Despite a D.C. law that requires a social worker’s license to perform “psychosocial evaluation and assessment, counseling, and consultation” for those who work with youth offenders, only five of more than 30 case managers in the Department of Youth Rehabilitation Services (DYRS) possess such a license.
Based on a database search of all professional or occupational licenses issued by the D.C. government, The Washington Times documented five licensed social workers employed at DYRS, which has more than 1,000 youth offenders committed to its custody — 75 percent of whom live in community settings under DYRS monitoring.
The legal requirement that social workers evaluate, assess and counsel youths dates to the early 1980s, during the first administration of Marion Barry, a Democrat and D.C. Council member who now represents Ward 8. For years, until an agency overhaul in the 1990s led to a push to hire more case managers, DYRS had an “aftercare” division fully staffed with licensed social workers, according to labor officials who represent both types of professionals.
In time, those officials said, case managers began performing the same functions and carrying the same caseloads as social workers.
Some veteran DYRS administrators acknowledge that the functions of a social worker and a case manager are identical under the rehabilitative models practiced in the District. But they say both are practicing what amounts to case management, defined by DYRS as supervising and supporting youths in the safest, least restrictive environment that fosters a transition to adulthood.
But Charles Tucker, general counsel to the D.C. Department of Human Resources (DCHR), said in a letter to The Times this week that case managers, who handle more than 30 youths at a time, are not subject to the same licensure requirements as social workers.
“Social workers diagnose psychosocial problems according to theory and methods gained from education and licensure,” he wrote. “They also practice prescribed treatments according to industry standards. Case managers interact with individuals and families, and follow the prescribed instructions of the social worker.”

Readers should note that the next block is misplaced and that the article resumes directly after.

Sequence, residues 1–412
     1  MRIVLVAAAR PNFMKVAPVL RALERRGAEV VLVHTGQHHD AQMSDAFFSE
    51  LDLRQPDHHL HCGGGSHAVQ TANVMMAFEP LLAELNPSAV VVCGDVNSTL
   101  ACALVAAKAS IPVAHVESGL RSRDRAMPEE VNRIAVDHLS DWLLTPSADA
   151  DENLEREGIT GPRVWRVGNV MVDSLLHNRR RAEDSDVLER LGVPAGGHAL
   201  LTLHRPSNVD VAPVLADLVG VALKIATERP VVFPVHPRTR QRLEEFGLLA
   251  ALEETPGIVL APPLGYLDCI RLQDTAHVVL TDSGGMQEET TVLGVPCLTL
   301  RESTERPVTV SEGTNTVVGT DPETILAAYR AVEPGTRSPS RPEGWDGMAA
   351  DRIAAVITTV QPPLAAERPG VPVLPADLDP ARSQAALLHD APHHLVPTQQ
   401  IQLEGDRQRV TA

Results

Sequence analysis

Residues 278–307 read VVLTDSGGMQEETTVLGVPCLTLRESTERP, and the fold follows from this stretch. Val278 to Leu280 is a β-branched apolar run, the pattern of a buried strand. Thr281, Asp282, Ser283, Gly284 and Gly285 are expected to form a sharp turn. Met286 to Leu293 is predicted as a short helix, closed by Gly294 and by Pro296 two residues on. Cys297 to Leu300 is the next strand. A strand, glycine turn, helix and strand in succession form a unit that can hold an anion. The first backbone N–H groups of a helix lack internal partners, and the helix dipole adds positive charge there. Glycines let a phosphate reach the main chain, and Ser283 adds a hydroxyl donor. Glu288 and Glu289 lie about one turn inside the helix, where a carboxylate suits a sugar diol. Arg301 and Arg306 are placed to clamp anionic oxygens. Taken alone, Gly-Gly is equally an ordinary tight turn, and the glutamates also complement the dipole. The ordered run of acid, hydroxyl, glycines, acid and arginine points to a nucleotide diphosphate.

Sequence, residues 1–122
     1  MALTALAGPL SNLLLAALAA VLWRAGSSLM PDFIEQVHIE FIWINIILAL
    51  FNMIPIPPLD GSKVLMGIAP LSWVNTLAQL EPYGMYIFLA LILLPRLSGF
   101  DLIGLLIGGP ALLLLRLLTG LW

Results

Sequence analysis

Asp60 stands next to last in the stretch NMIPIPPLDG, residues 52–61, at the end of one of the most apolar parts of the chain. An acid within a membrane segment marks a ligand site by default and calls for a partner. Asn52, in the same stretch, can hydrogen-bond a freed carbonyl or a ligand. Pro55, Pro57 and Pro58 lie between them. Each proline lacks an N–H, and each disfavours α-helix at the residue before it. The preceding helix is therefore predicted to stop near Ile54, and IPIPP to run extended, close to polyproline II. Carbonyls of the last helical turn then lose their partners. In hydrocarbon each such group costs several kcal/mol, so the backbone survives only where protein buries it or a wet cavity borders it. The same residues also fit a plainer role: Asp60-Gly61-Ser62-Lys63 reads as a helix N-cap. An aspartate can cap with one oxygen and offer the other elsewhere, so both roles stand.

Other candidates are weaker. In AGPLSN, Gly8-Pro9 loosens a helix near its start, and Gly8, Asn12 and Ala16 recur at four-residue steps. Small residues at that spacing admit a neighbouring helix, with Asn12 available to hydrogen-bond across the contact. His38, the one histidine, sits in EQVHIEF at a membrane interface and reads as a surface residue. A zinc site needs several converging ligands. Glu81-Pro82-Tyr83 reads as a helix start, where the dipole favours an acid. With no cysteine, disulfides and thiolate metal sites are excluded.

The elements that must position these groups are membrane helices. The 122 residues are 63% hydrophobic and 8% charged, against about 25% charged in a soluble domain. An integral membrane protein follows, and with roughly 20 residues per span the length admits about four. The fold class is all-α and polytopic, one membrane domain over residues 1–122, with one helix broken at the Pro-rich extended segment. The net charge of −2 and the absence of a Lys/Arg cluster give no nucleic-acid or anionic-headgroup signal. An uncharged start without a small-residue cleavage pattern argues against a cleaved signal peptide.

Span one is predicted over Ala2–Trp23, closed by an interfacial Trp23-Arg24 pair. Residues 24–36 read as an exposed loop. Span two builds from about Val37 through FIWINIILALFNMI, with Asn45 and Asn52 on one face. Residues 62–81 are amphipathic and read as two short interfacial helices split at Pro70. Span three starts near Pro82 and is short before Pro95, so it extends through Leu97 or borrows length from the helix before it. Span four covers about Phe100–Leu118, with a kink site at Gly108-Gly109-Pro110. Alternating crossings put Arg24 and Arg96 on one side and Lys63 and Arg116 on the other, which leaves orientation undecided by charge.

DYRS officials and Deputy Mayor B.B. Otero, who oversees DYRS, did not respond to numerous requests for comment. Bonnie Rampersaud, executive director of the D.C. boards of behavioral health, one of which licenses social workers, declined to comment.
Out of harm’s way
In recent years, DYRS has struggled to connect with its offender population and keep the youths out of harm’s way, much less rehabilitate them. As The Times recently reported, more than 50 youths committed to DYRS either have been killed or found guilty of killing someone else over the past five years.
A group home licensed by the District is defending a $20 million lawsuit by the family of Neil Godleski, a Catholic University student killed in 2010 in an incident that led to the arrest of a DYRS ward and resident of the home.
Based on an internal study released in December, on any given day more than 300 youths classified as a medium to high risk of re-offending are placed in a community setting to be monitored by a DYRS case manager — or a grass-roots agency with even less formal training.
Labor unions that represent case managers and social workers have been pressing DYRS for years to fall into compliance with D.C. law by training its case managers so they can become licensed as social workers, which have many different categories and specialties.
John Walker, national representative for the 14th District of the American Federation of Government Employees (AFGE), said case managers routinely perform functions identified in the social worker licensing statute.
Those functions include psychosocial assessment, which focuses on lack of personal development, often amid dysfunctions that may be physical, emotional or cognitive, he said. Assessments, he said, are performed by both social workers and case managers “to guide the agency in making the critical decision whether to detain or release a committed youth.”View Entire Story
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Jeffrey Anderson is an investigative reporter for The Washington Times. He can be reached at email@example.com.
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